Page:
How do I get out of a tricky family situation?

Our agony aunt Mary Fenwick offers a new perspective on your challenges and problems


How do I get out of a tricky family situation?

My mother-in-law has lots of amazing, often far-fetched ideas, the latest of which she is trying to include me in. She wants to set up a food business – it could be a success, and I would enjoy being involved in it if it wasn’t for her perfectionism and need to always have her own way. She is very bossy and things often end in tears if it all goes wrong. I don’t think this business venture, especially when it means investing my own money, is a good idea because of her erratic temperament and the fact that I know it will probably be a disaster for our relationship, as well as affecting my relationship with my husband. How can I get out of it without hurting either of their feelings? NAME SUPPLIED

The aim of not hurting anyone’s feelings is not a sustainable way to live a life. It is remarkable that you might contemplate losing money, being shouted at and causing disaster to your relationship with your husband, rather than cause hurt feelings.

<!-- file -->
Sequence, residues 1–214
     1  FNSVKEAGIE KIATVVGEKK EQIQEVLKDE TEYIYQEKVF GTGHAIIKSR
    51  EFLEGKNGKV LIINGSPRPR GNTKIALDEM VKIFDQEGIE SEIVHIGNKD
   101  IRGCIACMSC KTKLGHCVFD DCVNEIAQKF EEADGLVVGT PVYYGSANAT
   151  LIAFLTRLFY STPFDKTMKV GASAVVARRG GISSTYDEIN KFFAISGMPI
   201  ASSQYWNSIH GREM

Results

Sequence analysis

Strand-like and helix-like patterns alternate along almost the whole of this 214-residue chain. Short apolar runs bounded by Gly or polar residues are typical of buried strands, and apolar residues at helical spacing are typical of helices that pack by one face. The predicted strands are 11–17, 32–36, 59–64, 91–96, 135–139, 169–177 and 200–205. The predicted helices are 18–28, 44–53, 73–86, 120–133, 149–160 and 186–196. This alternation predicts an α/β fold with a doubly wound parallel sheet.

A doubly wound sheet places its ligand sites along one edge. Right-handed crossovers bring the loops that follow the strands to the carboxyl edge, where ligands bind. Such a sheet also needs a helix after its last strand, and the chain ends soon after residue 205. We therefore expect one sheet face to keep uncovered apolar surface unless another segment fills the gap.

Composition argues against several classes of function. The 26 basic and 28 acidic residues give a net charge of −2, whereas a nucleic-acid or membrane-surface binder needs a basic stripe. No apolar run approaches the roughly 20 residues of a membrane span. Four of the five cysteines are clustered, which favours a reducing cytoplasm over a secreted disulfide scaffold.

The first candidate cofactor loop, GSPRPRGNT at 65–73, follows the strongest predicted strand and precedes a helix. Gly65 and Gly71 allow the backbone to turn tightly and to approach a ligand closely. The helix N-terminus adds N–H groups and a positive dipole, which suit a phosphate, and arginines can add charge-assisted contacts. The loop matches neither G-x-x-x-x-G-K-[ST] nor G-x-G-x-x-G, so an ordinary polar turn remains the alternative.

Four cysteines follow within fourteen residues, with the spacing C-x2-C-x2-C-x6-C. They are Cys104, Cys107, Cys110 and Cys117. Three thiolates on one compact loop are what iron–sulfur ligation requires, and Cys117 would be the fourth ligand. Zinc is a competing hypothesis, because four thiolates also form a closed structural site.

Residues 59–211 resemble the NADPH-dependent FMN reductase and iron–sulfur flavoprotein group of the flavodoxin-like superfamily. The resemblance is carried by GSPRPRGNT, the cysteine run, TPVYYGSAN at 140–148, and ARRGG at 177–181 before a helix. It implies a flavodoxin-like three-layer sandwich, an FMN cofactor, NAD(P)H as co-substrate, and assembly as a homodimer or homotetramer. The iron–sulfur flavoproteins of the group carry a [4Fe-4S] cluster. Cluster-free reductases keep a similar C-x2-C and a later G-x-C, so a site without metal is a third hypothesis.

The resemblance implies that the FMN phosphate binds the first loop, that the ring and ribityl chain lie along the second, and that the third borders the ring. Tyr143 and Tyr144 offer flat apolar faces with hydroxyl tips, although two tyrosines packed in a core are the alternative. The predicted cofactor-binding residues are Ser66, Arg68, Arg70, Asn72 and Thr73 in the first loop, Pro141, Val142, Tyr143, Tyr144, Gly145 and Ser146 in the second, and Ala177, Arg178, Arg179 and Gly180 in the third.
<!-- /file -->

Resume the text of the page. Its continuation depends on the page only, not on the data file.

This is a variation on the basic question of how we say no, which I have come to think is one of our most important, and under-rated life skills. If you can’t say no, then what is your yes worth?

Since this is supposed to be a business proposal, you might be interested in the views of the Harvard Business Review, which has nine tips on how to ‘know your no’ including: appreciate that the request is a compliment; say no to the request not the person; and practise saying no in slightly easier situations to build up your strength and courage.

From your description, I also wonder how you and your husband could apply these rules together to ensure that there are boundaries to your life as a couple, and it doesn’t become a threesome.   

Mary Fenwick is a business coach, journalist, fundraiser, mother, divorcée and widow. Follow Mary on Twitter @MJFenwick. Got a question for Mary? Email, with ‘MARY’ in the subject line

More inspiration:

Browse Nine practices to help you say no from the Harvard Business Review

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